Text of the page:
1. Corporate Structure
2. Board of Directors
3. C-Level Executives

What is the highest position in a company? The chairman of the board of directors holds the highest position in a company. He or she leads the board and top officers in managing all aspects of the company's business.

Corporate Structure

A typical corporate structure consists of shareholders, officers, and board of directors. Shareholders are not directly involved in the operations of the company. The officers look after the daily operations whereas the directors govern the company to protect the shareholders' interests.

There are two major criteria for including someone in your management team. First, they should have the necessary training and skills required for the job. Second, their track record should support their talents.

You may not have an experienced management team when you start a company. Usually, the team evolves as the company grows. Meanwhile, the team members may have to take up multiple responsibilities to manage the company.

Board of Directors

The articles of incorporation or company bylaws usually name the first directors of the company. Sometimes, the person forming the company may select the first directors. After the incorporation is complete, shareholders elect the directors in annual meetings.

Typically, the board of directors is the governing body of a company and the board chairman holds the highest authority in a company. They preside over the board meetings and lead the company's business.

In addition to the chairman, the board of directors charts out the business path for the company. The board is legally responsible for the actions of the company and its employees.

Duties and responsibilities of a company's director usually include the following:

  • Acting with due care on behalf of and in the best interests of the company
  • Acting in good faith and with loyalty to the company and its members
  • Participating in board meetings
  • Approving certain actions of the company, such as contracts and agreements, new company policy, purchase and sale of assets, and the election of officers
  • Amending bylaws and articles of incorporation

The size of the board (the number of directors) depends on the size of the company's business. Usually, the company's bylaws or the articles place an upper limit on the total number of directors it can have. A small company can have just one director whereas a large corporation can have even more than 10 directors on its board. From a voting point of view, a company should have an odd number of directors so that it can take clear decisions in cases where the board is divided in opinion.

C-Level Executives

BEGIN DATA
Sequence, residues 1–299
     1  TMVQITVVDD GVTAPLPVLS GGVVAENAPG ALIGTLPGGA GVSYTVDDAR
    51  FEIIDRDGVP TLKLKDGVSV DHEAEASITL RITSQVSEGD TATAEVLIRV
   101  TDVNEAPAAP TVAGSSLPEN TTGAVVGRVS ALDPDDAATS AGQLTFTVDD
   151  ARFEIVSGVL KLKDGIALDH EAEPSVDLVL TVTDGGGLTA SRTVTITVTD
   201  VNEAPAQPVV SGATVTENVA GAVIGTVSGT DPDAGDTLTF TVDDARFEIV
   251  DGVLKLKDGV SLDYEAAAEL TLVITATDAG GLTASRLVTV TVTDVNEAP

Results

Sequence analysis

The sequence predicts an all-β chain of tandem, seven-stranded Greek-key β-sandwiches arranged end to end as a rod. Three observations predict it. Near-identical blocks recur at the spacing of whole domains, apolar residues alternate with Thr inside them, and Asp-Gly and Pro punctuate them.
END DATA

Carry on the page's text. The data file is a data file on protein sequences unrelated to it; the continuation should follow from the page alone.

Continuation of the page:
C-level executives are usually involved in important business decisions like creating business ideas, setting up the management team, and bringing the resources together in order to successfully run the company. These executives can be from among the shareholders (majority or minority stakeholders) or from the outside. In larger organizational setups, the C-level executives usually head their respective division, such as finance, marketing, or technology.

These corporate officers are generally appointed by the board of directors and are given authority to act on behalf of the company in most business activities. Typical C-level positions include:

  • CEO or Chief Executive Officer: Often a member (usually chairman) of the board. The CEO usually signs the contracts on behalf of the company and reports to the board of directors.
  • COO or Chief Operating Officer: Manages the day-to-day affairs of the company. The COO reports to the CEO.
  • CAO or Chief Administrative Officer: Usually responsible for looking after the company's administrative management.
  • CIO or Chief Information Officer: Establishes and maintains a strategy for protecting company information and data.
  • CFO or Chief Financial Officer: Responsible for company financial matters. The CFO is often called "treasurer" or "controller."
  • CTO or Chief Technology Officer: Mainly manages the company's technology, research, and development process.
  • CMO or Chief Marketing Officer: Manages the company's marketing activities. This is a mid-level position that reports to the CEO.
  • CHRO or Chief Human Resources Officer: Heads the human resources department. This is a mid-level position that reports to the CEO.
  • Company Secretary: Responsible for maintaining the company's records and documents (e.g., minutes of the meetings) and ensuring compliance with legal requirements (e.g., filing annual returns).

In a small company, a single shareholder may serve as the company director and officer.

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